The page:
username = "insert_username",
                password = "insert_password",
                host     = "",
                port     = 3306,
                dbname   = "insert_dbname")

Set the username, password and dbname to those your noted down previously. To find the RDS host, while on your AWS Management Console, click ‘RDS’, then ‘DB Instances’, then the name of your database. In the ‘Connectivity & Security’ panel, you can then find your host labelled under the ‘Endpoint’ subheading.

If your connection was successful, the above code should be run with no errors thrown. Be sure to disconnect the connection once you are done:



At this stage you should have a virtual server with R (EC2) running that can communicate to a MYSQL database (RDS). The next step is to write an R script and set a run schedule for it using cron, the Unix-like job scheduler.

In this instance, you will create an R script that returns Tweets from the Twitter API, matched by search terms, using the rtweet package (you downloaded previously). Before you can use the rtweet package on your EC2 instance, you need to create and store personal authorisation tokens to access the Twitter API. To do this, open up an R session on your EC2 instance and follow along with the rtweet auth vignette, selecting the ‘2. Access token/secret method’ option. Be sure to close the R session once done.

Once you have your access tokens stored, you want to create a script that when runs, opens a connection to the RDS database, appends the new Tweets, and then closes the connection. To create this script, make sure you have an open connection to your EC2 instance, cd into the desired directory (I recommend just sticking in the home directory) and then create and edit a file using your editor of choice. For example:

nano twitter_script.R

Next copy and paste the following script into the editor, amending the search_terms and con settings as necessary (see the search_tweets() documentation for info on valid search terms):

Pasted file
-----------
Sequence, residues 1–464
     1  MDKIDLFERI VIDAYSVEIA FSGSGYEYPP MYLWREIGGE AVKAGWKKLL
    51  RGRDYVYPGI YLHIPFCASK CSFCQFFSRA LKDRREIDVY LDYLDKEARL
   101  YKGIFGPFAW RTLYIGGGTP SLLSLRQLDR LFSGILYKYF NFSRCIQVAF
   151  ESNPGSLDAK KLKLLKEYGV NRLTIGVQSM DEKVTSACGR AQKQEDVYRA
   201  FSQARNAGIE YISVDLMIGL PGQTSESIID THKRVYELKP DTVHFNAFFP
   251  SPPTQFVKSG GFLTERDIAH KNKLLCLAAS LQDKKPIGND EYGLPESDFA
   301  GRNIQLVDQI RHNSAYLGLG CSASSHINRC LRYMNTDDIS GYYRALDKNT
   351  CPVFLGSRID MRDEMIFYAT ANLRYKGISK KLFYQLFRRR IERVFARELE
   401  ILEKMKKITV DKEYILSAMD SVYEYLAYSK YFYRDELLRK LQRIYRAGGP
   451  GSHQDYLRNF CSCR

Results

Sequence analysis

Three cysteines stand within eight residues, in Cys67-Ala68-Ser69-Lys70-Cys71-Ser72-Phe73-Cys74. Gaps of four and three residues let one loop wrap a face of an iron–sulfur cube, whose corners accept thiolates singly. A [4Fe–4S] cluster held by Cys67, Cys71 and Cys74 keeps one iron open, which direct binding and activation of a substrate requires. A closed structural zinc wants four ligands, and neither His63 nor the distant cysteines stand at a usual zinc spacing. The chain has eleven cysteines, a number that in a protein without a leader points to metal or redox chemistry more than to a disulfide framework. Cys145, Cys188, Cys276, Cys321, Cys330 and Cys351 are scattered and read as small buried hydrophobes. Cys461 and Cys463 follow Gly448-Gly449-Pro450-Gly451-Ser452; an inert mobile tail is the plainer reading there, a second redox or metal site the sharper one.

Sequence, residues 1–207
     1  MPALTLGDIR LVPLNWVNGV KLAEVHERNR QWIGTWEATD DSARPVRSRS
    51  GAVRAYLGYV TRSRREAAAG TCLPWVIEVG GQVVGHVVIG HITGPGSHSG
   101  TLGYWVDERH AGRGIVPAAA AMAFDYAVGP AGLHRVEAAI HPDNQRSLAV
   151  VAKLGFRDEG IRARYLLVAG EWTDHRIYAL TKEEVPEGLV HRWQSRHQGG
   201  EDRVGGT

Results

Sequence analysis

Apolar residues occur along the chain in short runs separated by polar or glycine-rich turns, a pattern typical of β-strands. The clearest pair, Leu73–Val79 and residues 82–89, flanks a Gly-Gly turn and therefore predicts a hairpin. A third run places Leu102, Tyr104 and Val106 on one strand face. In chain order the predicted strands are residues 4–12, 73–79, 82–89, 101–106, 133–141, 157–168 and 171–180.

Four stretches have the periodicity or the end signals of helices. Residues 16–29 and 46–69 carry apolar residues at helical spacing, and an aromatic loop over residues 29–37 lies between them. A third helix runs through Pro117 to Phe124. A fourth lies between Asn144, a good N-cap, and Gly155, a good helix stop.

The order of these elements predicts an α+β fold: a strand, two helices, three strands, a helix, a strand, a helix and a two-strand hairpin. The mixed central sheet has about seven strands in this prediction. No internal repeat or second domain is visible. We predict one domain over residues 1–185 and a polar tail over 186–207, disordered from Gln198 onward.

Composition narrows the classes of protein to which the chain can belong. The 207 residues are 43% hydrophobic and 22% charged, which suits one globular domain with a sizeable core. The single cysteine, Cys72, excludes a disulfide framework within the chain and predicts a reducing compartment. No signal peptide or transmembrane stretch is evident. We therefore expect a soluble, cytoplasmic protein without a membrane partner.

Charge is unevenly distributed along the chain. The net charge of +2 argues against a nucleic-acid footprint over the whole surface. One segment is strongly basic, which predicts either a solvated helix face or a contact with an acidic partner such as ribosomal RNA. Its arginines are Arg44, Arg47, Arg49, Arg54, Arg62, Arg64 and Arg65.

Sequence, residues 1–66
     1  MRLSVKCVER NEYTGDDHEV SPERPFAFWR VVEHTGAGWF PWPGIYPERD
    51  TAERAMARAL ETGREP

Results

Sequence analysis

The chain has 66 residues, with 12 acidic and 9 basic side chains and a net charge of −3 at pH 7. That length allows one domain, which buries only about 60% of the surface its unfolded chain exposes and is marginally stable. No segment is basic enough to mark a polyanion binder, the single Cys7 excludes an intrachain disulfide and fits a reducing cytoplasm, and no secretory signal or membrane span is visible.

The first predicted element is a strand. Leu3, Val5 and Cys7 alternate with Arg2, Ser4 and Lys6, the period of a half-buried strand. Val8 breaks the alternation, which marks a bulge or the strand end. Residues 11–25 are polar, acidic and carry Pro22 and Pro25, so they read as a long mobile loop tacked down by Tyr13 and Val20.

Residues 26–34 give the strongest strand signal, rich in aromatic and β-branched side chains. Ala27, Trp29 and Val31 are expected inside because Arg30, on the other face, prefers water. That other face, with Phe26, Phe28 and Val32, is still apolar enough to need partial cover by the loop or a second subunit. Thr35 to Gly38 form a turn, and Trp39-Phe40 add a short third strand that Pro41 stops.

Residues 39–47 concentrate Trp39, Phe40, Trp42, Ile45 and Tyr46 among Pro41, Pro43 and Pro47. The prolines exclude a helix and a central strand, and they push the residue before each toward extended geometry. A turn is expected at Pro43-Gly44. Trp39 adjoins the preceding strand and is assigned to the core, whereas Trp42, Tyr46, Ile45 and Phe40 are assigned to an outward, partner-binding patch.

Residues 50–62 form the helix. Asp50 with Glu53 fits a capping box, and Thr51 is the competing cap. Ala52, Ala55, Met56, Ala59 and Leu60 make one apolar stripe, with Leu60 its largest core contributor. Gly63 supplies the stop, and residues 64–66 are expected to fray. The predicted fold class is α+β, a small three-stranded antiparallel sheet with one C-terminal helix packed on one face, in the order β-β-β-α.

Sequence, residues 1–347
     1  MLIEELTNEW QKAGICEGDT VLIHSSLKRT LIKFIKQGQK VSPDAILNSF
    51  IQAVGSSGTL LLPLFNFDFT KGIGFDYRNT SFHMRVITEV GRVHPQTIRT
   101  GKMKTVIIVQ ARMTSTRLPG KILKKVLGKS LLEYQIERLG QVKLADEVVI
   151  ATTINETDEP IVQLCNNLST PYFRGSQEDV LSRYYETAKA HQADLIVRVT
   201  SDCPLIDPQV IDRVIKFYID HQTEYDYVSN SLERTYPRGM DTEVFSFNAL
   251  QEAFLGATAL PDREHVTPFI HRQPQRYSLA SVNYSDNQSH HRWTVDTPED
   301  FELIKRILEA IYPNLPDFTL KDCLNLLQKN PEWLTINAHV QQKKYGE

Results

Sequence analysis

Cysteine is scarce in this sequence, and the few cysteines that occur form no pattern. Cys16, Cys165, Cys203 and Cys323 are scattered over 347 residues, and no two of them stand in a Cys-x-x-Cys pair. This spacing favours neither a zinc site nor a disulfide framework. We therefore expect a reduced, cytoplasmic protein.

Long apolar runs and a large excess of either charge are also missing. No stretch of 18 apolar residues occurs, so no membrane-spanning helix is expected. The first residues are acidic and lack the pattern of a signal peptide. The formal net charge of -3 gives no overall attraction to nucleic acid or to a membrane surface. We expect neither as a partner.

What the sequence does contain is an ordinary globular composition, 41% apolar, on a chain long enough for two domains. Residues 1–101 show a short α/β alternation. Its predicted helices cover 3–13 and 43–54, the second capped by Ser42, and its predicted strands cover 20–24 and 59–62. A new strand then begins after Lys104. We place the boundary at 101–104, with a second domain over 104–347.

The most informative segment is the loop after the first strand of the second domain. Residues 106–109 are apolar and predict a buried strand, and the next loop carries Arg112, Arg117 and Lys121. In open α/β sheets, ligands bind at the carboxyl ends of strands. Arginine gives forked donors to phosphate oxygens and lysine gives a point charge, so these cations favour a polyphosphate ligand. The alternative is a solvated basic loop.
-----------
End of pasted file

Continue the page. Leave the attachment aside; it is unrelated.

# list of search terms to pass into search_tweets q argument
search_terms <- c(

# create get_tweets func that iterates over search_terms and returns tweets
get_tweets <- function() {

  tweets <- tibble()

  for(term in search_terms) {
    more_tweets <- search_tweets(q = term,
                                 n = 100,
                                 include_rts = FALSE,
                                 retyonratelimit = TRUE)

    tweets <- bind_rows(tweets, more_tweets)


# call get_tweets
new_tweets <- get_tweets()

# connect to RDS database
con <- dbConnect(drv     = RMySQL::MySQL(),
                username = "insert_username",
                password = "insert_password",
                host     = "",
                port     = 3306,
                dbname   = "insert_dbname")

# write to database
dbWriteTable(conn = con,
            name = "tweets",
            value = new_tweets,
            append = TRUE)

# disconncet database

The Twitter search API imposes a return rate limit of 18,000 tweets per 15 minute window. To return the maximum number of Tweets per search term while respecting the rate limit in the script above, divide 18,000 by the number of search terms and set this value to the n argument of the search_tweets() function. For example, if you want to search across 20 search terms, set n equal to 900 (18000/20 = 900).

Once finished, save the file and exit the editor. Next, set a cron schedule by opening up crontab, the file which contains the list of cron entries. The -e tag below just stands for ‘edit’:

crontab -e

Once in the crontab file, set the Twitter script to run every 15 minutes (to respect the rate limit window). Be sure that the you include the full path to the script (the script below just lives in the home directory):

*/15 * * * * Rscript twitter_script.R > temp.log 2>&1 || cat temp.log

You are all done! Now let AWS do the hard work of collecting data for you.


To recap: you set up a virtual machine in the cloud using an AWS EC2 instance loaded with a pre-built machine image (AMI) containing R and RStudio (and more). You then set up a MySQL database on an RDS server, and altered the security group settings to allow inbound access from the EC2 instance. Next you loaded an R script on the EC2 instance and set a run schedule for the script using cron. Now, every 15 minutes, your R script automatically runs and appends new data to your RDS database.